MANCHESTER — Ricky Jones made few mistakes this week at the 94th Maine Amateur.
From opening day to final round, the Thomaston golfer played largely from fairways and greens. He made most of his putts, including a few he really needed.
“The last couple of times I’ve been out this year I’ve just said ‘I’m playing my own game and I don’t care what anyone else does. If they shoot a number to beat me then they deserve it.’ ”
No one did.
Jones, 41, fended off an early challenge from 20-year-old Tommy Stirling and overcame a 45-minute rain delay to win the Maine Amateur Championship on Thursday at the Augusta Country Club.
It’s the third Maine Am title for Jones and first since 2004. He finished 6-under 204 to beat Stirling by two shots. Jones finished 1-over 71 Thursday.
“It’s the biggest tournament in our state for us for the year,” he said. “Obviously, you get bragging rights for the year as the best amateur. When you are younger you want to get that first one. It’s the hardest getting that first one. Once you get the first one you’ve learned how to handle the stress and the pressure.”
JJ Harris finished third at 2-over 212. Three-time Maine Am Ryan Gay closed out his amateur career by finishing tied for fourth with Sam Grindle.
Gay, of Pittston, shot a 74 on Thursday and finished the tournament 3-over 213. He will turn pro today.
“I played poorly,” he said. “I shot myself out of the tournament early.”
Mark Plummer finished seventh (216) while defending champ Seth Sweet of Madison was tied for eighth (217). Sweet shot 1-over 71 for a second straight day after he opened the tournament Tuesday with a 75.
“It was cool to be the defending champ,” he said. “It’s sad to see it go away. I played myself out of the tournament on the first day, though.”
Jones came into the final round with a comfortable six-shot lead. His strategy, he said, was simple.
“Make pars,” he said. “I just thought if I keep my game, keep making pars it’d be hard for (Stirling). Being there for a first time is very hard.”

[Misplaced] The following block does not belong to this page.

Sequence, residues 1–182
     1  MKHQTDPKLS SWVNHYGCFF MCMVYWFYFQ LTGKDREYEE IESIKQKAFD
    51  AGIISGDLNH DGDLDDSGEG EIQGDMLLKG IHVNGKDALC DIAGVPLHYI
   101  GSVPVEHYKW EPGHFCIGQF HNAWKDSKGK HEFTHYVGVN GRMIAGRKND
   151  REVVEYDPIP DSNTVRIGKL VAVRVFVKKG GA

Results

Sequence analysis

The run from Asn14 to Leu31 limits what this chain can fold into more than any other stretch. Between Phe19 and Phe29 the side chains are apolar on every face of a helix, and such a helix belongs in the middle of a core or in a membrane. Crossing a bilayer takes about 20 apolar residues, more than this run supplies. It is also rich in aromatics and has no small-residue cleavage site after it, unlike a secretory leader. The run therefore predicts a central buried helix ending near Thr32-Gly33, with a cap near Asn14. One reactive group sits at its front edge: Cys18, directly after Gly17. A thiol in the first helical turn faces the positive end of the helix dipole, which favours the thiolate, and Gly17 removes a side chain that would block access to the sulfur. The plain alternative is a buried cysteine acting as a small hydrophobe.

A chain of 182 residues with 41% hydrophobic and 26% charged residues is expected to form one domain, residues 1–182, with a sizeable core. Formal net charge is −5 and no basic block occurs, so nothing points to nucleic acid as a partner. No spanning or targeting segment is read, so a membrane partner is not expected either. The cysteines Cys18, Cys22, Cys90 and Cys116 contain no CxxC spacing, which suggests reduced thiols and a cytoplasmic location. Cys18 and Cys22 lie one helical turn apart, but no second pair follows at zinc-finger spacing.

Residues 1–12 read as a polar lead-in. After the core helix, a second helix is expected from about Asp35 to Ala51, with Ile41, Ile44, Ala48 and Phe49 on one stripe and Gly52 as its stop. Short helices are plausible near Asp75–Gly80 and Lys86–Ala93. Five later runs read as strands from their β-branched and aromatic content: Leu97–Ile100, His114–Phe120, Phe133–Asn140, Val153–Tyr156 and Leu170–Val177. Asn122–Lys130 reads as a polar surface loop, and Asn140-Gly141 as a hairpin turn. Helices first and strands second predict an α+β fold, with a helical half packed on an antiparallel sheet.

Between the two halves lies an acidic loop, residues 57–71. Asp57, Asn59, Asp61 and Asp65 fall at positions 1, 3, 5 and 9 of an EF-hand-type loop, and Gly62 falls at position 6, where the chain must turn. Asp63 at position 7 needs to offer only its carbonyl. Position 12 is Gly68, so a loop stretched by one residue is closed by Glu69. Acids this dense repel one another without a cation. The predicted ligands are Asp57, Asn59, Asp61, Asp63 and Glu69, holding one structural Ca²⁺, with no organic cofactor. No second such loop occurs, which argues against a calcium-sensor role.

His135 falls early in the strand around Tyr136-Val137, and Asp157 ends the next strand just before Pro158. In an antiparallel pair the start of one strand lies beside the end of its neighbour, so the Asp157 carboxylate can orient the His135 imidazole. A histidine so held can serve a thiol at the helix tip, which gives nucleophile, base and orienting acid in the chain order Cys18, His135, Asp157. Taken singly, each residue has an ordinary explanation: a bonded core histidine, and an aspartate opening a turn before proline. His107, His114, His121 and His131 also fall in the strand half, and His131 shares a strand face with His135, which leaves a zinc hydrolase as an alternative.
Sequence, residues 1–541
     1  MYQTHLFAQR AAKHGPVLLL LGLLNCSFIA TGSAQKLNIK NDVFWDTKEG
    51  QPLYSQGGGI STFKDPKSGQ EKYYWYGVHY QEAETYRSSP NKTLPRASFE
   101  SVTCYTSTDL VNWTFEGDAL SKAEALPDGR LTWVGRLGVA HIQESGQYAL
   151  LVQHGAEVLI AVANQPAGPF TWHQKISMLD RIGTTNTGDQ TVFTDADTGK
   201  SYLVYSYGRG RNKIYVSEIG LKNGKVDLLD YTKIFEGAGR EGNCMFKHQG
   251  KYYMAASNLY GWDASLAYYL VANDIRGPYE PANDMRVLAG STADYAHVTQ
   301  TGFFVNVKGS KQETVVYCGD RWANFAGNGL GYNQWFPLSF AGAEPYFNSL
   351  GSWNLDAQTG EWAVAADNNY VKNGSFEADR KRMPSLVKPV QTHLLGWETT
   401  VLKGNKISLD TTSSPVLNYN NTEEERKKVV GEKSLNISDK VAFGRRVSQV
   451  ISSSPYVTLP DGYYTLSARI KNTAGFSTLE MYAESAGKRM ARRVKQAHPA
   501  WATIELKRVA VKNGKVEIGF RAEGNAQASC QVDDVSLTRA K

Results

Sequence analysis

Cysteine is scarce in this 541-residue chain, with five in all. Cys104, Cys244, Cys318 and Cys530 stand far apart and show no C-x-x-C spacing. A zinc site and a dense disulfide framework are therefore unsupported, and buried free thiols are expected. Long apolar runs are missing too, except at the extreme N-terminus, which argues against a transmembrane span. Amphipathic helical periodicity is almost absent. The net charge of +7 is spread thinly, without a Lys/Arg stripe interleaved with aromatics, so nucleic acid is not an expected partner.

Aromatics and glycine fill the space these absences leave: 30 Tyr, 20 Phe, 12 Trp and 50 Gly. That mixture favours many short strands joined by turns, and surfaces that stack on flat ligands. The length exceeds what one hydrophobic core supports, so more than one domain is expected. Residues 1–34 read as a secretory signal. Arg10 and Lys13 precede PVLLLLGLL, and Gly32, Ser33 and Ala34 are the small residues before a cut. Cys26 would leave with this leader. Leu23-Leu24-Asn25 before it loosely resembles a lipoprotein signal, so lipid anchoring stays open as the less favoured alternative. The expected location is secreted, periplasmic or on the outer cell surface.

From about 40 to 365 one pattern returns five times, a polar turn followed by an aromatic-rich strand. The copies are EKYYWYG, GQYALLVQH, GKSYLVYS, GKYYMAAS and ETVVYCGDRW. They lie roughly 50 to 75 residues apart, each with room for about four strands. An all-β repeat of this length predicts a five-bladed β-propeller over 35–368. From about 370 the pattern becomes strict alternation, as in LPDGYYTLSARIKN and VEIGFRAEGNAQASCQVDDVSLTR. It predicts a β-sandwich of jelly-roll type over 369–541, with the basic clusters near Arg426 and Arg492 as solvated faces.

Jones made two bogeys Thursday and had just five in the 54-hole tournament.
But Stirling, 20, who made the cut at the Maine Amateur for the first time in four attempts, made an early run at Jones. The Gorham native birdied three of the first four holes to slice into the deficit.
“I knew I needed to make birdies,” he said. “I knew Ricky wasn’t going to fold. I had to make a run.”
Jones played the first five holes safe, leaving many approach shots short of the cup to set up makeable par opportunities.
Stirling, who will be a senior at Southwestern Oklahoma State University, made a great second shot from 75 yards out on par 4 No. 3, setting himself for a two-foot birdie putt. On the next hole, Stirling rolled in a 15-foot birdie putt from behind the cup to pull him within three shots of Jones.
Jones grabbed a hold of the tournament in the first two days by playing mostly mistake-free golf — his first bogey of the tournament came on the 11th hole in the second round.
But he ran into trouble on the par 3 7th, when his tee shot landed well below the green. He chipped up to about 15 feet of the cup, but then two-putted for bogey.
“I just kept thinking, ‘go and play your game,’ ” Jones said.
Stirling made par and closed within two shots before play was suspended with the leaders on the ninth hole.
When play resumed, Stirling bogeyed No. 9 and then trouble came at the par 4 10th. He hit his tee shot off a left-side pine tree and ended up with a double-bogey.
“That was tough,” he said.
Added Jones: “I’m not sure what he was thinking on 10 but those are the kind of struggles you go through being there for first time. … At that point I thought I was on cruise control again, but then he birdied 11.”
Stirling also birdied 15, 17 and 18, but it wasn’t enough.
“He seemed like he’d make a mistake and he’d throw another birdie to get right back into it again,” said Jones, who will compete in the U.S. Amateur Public Links championship in Lorton, Va., next week. “I just stuck to my game.”
Bill Stewart — 621-5640